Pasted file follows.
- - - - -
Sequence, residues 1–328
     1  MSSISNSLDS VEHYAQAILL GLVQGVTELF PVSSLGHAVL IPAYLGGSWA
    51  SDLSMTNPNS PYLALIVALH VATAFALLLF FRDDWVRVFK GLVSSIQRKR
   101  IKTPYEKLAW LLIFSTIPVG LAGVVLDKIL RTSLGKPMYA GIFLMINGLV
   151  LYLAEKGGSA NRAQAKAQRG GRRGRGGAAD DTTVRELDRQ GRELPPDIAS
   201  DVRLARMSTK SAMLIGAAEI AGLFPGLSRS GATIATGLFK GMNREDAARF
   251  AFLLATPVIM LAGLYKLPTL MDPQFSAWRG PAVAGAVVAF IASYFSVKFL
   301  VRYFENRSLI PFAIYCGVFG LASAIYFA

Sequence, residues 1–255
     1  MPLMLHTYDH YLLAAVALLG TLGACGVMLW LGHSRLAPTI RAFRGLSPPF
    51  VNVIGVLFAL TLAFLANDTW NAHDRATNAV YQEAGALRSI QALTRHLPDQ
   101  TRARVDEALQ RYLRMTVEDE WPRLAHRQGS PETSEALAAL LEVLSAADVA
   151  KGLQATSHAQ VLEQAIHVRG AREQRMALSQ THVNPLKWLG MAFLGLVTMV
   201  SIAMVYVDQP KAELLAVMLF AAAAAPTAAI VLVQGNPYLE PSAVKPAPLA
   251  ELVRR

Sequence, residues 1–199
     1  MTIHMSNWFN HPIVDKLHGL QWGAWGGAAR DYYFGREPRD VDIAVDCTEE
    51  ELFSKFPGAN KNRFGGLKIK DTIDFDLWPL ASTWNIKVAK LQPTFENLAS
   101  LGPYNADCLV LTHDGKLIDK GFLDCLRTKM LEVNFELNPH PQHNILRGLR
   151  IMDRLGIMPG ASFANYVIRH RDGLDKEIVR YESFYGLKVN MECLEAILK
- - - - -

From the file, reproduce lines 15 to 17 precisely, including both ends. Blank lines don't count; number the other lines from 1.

   251  ELVRR

Sequence, residues 1–199
     1  MTIHMSNWFN HPIVDKLHGL QWGAWGGAAR DYYFGREPRD VDIAVDCTEE